Resource Aware Modeling & Simulation

RAMS is a methodology for performance analysis and system optimization that uses simulatable models to leverage the distinction between behavior and platform.  The first step of a RAMS process is using a Modeling Language to create models of both the behavior and platform.  Next, the behavioral model is mapped to the platform model.  Finally, we simulate the resulting composite model to evaluate the performance and behavior of the system.  We'll explore this process in more detail below.  We also have a whitepaper (PDF) that fully covers RAMS and provides additional examples.

Modeling the Behavior

We model the behavior of the system using traditional functional modeling techniques.  This aspect of the system usually consists of an interconnected network of functional components that combine to provide the complete behavior of the system.  This network can generally be decomposed hierarchically in order to manage complexity.  The behavior of the system includes data flow, control flow and functional component behavior (i.e. state machine, data transformation, hand-shaking, etc.).

A complete behavioral model can be simulated without a platform model in order to functionally verify the model and system.  This confirms that the behavior will produce the correct output, given the necessary inputs, and has been the primary value of traditional functional modeling and simulation.

Modeling the Platform

The platform is modeled by assembling representations for the resources required to implement the behavior.  Resources can include people, electronic components, networks, software services, power, space and etc.  Two fundamental types of resources are considered:

Process Resources perform work of some nature.  The rate at which they accomplish work is a primary characteristic.  When a request is made of a Process Resource, that request will take time to fulfill.  The rate may be variable and a Process Resource may have interdependent relationships with other resources.  For instance, when you order a sandwich at the deli counter, some waiting is often involved.  The person who makes the sandwiches must become available and then construct the sandwich.  The sandwich maker is an example of a Process Resource.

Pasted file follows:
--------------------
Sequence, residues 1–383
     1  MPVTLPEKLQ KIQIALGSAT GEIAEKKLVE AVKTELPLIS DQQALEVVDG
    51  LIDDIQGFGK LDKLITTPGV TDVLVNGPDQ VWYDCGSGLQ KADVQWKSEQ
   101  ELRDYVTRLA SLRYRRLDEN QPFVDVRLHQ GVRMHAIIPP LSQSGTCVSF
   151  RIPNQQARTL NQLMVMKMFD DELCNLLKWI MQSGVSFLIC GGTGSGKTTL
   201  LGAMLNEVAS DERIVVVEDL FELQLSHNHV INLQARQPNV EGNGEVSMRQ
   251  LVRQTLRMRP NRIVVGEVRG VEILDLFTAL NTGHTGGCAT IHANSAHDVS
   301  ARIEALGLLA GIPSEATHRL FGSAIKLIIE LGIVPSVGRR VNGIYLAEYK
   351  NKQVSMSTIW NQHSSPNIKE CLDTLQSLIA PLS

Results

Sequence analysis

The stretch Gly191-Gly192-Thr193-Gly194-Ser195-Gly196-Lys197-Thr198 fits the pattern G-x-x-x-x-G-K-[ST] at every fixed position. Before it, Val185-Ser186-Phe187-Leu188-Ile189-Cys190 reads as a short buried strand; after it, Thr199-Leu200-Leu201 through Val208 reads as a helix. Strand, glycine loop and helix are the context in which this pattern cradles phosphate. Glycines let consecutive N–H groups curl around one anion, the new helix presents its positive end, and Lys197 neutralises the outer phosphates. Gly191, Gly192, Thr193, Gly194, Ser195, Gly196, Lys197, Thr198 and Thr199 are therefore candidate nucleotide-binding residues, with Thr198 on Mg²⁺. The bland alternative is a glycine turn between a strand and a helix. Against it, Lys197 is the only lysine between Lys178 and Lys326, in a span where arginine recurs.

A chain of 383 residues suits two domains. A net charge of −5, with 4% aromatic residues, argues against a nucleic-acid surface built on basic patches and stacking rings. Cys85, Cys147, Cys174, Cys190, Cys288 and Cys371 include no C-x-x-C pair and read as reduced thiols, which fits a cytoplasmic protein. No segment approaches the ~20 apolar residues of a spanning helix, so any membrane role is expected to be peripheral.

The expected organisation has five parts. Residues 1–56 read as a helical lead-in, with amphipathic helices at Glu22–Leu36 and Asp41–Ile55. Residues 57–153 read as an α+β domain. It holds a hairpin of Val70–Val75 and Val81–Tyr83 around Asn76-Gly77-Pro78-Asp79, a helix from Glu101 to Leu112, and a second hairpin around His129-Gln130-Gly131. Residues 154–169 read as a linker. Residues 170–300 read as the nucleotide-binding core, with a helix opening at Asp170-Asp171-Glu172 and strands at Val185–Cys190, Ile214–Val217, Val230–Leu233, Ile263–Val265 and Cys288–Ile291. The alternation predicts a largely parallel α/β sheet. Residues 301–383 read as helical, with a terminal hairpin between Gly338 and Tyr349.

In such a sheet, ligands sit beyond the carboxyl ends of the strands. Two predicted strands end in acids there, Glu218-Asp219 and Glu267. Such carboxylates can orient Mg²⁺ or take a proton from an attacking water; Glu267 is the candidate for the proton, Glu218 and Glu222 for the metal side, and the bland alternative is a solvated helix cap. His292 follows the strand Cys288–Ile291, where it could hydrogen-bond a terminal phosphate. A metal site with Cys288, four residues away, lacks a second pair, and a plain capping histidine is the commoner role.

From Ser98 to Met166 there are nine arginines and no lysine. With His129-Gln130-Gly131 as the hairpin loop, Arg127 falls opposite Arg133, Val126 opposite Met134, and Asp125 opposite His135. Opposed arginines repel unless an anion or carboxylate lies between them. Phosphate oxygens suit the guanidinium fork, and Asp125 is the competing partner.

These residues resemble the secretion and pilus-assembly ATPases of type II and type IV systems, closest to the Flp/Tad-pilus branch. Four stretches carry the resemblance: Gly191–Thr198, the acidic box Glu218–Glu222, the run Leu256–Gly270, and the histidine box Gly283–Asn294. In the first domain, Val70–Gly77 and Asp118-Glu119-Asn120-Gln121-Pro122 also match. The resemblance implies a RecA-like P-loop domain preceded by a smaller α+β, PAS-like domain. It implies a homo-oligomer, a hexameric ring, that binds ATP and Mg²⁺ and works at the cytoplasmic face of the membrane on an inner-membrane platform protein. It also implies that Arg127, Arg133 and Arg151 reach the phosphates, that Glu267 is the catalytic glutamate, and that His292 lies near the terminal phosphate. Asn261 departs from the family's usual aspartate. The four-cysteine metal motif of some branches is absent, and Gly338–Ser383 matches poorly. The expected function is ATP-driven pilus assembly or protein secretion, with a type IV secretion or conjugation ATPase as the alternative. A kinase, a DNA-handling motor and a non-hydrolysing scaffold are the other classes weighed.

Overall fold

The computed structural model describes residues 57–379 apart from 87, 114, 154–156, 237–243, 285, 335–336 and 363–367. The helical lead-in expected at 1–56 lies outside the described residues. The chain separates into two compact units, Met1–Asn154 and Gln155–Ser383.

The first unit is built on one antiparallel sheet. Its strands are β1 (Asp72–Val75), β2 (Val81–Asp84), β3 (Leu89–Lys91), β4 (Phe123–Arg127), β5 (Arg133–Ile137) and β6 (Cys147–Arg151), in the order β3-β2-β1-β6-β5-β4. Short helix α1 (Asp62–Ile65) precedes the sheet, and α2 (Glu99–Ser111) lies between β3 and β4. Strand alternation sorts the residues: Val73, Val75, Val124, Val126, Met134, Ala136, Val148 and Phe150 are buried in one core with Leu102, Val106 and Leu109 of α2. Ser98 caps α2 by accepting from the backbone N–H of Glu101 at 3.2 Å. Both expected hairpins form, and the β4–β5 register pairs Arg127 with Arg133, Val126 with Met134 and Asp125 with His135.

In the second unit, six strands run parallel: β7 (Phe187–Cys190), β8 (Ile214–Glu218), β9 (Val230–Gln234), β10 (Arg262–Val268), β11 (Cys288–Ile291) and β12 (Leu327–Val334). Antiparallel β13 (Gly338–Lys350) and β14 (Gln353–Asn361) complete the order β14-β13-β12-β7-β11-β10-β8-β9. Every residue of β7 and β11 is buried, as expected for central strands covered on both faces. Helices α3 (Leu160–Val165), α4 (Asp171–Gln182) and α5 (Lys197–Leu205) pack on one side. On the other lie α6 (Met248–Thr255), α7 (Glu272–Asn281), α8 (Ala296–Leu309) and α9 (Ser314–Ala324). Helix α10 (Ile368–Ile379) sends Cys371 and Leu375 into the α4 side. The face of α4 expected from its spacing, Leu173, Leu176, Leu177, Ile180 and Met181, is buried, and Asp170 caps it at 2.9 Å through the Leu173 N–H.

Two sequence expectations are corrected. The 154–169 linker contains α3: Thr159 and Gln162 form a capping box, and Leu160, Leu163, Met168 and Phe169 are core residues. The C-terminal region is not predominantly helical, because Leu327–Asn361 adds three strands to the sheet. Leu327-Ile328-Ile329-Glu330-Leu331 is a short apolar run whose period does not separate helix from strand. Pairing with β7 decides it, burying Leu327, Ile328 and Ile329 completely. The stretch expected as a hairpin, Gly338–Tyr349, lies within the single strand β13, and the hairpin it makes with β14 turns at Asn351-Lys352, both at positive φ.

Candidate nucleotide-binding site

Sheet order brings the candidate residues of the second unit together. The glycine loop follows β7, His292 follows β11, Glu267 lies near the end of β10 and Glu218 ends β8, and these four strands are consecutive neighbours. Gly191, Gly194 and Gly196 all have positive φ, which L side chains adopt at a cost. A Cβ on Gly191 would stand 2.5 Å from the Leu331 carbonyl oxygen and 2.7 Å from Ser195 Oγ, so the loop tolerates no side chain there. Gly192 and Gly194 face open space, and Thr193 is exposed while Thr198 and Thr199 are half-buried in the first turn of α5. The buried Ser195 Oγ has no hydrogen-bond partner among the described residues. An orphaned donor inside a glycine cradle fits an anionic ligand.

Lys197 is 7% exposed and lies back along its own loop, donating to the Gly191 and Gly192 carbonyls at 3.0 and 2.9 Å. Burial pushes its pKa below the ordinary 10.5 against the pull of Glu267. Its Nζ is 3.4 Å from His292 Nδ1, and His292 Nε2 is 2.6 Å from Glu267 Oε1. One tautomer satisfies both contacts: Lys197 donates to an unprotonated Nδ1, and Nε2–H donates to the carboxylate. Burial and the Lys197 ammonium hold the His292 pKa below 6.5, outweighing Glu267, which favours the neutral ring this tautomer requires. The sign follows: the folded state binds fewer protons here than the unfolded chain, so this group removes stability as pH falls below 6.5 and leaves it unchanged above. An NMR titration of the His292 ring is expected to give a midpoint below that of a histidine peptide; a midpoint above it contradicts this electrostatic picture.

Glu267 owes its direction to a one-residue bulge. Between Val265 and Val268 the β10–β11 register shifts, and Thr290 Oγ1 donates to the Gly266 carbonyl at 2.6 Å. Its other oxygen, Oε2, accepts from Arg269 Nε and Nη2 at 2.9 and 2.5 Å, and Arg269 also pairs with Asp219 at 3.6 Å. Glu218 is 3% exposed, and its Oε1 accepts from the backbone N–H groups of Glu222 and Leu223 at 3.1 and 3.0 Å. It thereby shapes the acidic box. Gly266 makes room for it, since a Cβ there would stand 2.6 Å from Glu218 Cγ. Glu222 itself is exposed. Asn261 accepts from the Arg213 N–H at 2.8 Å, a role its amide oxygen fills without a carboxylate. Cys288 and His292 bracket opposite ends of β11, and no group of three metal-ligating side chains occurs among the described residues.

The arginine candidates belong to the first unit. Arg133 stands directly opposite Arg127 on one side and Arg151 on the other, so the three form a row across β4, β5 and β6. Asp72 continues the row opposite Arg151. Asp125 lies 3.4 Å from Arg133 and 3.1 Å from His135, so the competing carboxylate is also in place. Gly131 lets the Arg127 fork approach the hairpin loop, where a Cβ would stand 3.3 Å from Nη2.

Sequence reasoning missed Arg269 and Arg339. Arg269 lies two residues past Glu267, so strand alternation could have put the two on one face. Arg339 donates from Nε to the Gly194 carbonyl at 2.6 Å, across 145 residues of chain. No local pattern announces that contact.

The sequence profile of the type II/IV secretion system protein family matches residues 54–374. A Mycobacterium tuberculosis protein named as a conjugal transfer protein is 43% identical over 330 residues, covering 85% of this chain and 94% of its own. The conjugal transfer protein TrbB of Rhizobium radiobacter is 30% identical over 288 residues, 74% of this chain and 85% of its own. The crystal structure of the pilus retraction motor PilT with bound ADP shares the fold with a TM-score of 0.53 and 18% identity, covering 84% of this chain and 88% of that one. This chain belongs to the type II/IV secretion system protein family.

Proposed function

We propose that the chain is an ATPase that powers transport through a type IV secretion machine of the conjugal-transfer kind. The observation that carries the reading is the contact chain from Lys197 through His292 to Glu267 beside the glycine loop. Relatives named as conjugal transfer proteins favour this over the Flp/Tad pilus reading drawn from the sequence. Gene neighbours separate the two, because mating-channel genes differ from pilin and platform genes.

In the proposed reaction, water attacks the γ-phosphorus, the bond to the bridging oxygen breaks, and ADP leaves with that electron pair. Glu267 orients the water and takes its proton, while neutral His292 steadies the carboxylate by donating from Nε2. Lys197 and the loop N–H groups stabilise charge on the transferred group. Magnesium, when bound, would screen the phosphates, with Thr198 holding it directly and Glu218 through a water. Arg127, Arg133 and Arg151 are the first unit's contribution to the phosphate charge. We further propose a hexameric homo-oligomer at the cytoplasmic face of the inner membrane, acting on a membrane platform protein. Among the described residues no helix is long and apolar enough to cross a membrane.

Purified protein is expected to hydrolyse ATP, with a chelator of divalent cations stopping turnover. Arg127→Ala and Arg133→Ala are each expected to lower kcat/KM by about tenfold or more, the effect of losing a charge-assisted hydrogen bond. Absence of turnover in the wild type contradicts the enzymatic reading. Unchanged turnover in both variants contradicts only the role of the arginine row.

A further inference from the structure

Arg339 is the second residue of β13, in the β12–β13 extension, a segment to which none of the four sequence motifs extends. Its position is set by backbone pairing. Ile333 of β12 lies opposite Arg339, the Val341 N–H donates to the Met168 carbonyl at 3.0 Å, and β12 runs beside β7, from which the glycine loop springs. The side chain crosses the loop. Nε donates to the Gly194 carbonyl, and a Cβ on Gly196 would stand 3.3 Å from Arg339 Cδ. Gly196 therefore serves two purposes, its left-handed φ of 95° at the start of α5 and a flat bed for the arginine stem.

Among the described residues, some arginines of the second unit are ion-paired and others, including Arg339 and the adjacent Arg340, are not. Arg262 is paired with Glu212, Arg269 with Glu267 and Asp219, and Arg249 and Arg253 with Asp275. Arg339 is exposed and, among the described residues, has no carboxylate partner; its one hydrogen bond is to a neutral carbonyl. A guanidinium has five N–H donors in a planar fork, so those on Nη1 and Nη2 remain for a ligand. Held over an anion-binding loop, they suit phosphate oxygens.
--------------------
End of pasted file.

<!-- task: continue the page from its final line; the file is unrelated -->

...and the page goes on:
Quantity Resources represent a quantity of something.  They are characterized by a quantity, which indicates their capacity.  When a request is made of a Quantity Resource, that request will either succeed, thereby reducing the current quantity of the resource by the requested amount, or fail, leaving the quantity unchanged.  If the request succeeds, the requestor can continue and, if appropriate, return the requested amount when finished.  If the request fails, the requestor can choose to wait until the necessary resource becomes available, request a lesser amount, or continue without.  Computer memory is a common example of a Quantity Resource.  Programs make requests for memory, which either succeed or fail, and return memory to the pool when it is no longer needed.

Platform models are made up of a combination of Process and Quantity resources.  They are often layered, as are the real world architectures that they represent.  The resources in platform models can communicate, supporting cases where the response of one resource depends on the state of another resource.  The modeling environment also provides for the creation of custom resources that are capable of manifesting very complex interactions.

The Composite Model

Mapping the Behavioral Model to the Platform Model creates the composite model.  Resource requests from the functions in the behavioral model to named resources in the platform model establish this correspondence.  The ease of making changes to the mapping within the Foresight environment enables trade studies and portability of the behavioral model across platform models.

Simulation of the composite model exposes a number of system characteristics for analysis, including temporal behavior (resource requests implicitly insert delays into the model), resource utilization and costs.  The ability to fully understand each of these dimensions of the system makes it possible to optimize against the original requirements.  Bottlenecks, heavy users, and other problem areas are easily identified allowing the design team to precisely target the most important areas for improvement.  Trade studies can be used to evaluate alternative architectures (in the behavioral design, the platform design, or both) in order to identify the best solution to any deviations from the requirements.


Introducing RAMS Page:  1 - 2 - 3 Foresight's Approach to RAMS